Can you hear the people click? Clicking the song of angry men? The Clicker Heroes devs couldn’t, but they’re nonetheless changing their business model so that the studio can have a “cleaner conscience”. Clicker Heroes 2, the sequel to the idle game that Graham describes as “Diablo’s metagame with the participative act of exploration and combat removed”, will have an upfront cost of $29.99 rather than in-game purchases.
The a blog post by developers Playsaurus argues that “Games are inherently addictive,” and details the ethical and game design reasons behind the shift. Despite designing the first game so that you never had to spend rubies, a currency that could mostly only be attained with real money, the devs still found that some people spent thousands of dollars on the game. While they note that this is obviously ok if those people happen to be rich, they suspect that probably wasn’t true in most cases. While Playsaurus say that they’re happy to offer refunds, they’re aware that those most in need of one might not be prepared to ask.
We really don’t like making money off players who are in denial of their addiction. And that’s what a large part of free-to-play gaming is all about. Everyone in the industry seems to rationalize it by shifting the blame, assuming way too much cognizance on the part of their victims. People can make their own decisions, right? But it just doesn’t sit well with me. Despite very few of our players having complained, it felt wrong when we started doing it and it still feels wrong now.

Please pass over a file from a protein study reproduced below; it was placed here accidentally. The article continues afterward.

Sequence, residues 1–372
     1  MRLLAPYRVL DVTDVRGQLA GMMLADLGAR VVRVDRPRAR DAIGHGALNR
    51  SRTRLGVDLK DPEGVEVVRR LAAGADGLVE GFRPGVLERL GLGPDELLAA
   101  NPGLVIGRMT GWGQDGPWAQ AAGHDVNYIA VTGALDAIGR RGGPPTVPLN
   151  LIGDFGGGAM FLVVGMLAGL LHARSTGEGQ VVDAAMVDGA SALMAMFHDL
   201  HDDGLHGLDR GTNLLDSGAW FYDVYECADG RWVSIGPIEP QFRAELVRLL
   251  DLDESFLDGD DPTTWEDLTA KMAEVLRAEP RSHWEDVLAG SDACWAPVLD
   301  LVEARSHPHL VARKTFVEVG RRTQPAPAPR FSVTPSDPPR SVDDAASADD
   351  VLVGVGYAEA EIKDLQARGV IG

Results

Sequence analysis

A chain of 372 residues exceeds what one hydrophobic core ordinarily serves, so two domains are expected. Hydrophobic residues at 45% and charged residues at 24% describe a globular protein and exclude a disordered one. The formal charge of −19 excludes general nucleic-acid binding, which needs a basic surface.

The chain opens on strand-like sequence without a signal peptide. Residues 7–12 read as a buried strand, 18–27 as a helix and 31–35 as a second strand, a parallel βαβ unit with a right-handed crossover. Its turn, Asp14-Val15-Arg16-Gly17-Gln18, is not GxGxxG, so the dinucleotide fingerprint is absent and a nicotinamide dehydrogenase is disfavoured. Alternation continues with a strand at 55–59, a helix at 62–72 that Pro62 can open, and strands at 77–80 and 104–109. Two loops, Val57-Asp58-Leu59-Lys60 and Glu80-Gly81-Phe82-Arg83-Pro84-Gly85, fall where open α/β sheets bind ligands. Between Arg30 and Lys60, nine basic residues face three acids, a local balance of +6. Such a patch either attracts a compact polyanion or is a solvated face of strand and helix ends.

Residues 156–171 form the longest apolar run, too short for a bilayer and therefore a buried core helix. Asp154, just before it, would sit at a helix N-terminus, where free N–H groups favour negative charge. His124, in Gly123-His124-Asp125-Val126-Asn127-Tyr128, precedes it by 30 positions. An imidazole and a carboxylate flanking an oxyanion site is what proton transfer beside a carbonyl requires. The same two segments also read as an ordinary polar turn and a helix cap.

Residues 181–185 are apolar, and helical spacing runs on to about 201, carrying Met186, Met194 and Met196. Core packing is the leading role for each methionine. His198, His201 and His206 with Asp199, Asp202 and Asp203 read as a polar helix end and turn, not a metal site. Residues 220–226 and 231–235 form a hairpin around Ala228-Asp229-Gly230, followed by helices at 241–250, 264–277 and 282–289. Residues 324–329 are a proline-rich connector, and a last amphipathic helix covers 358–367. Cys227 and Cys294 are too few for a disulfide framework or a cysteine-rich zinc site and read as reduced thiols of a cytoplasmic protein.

While I think it should be acknowledged that not all free-to-play games are exploitative, recognising the reduced autonomy that can be inherent to addiction is certainly praiseworthy. Actively stepping away from it is even more commendable, especially when the new business model should make for a better game. I’m all too familiar with the “ugly cloud” that hovers over games in microtransaction form – while I hardly ever indulge, I still get the nagging feeling that I could be having a better time if I spent some more money. That said, I’m not sure Clicker Heroes (which I haven’t tried) would be one of them. As Graham notes:
I can understand why someone would become engrossed in Clicker Heroes, even if I (hope I) won’t allow myself the same. I can understand why someone might spend hours maximising a numbers game, even if it’s far too dry for me. I cannot understand why you’d spend money to shortcut the only system Clicker Heroes has – unless the game’s dopamine drip has bypassed your common sense.
Playsaurus have confirmed that they won’t be changing anything about the free-to-play model of the first game, though they do reiterate that their “unlimited refund policy still stands”.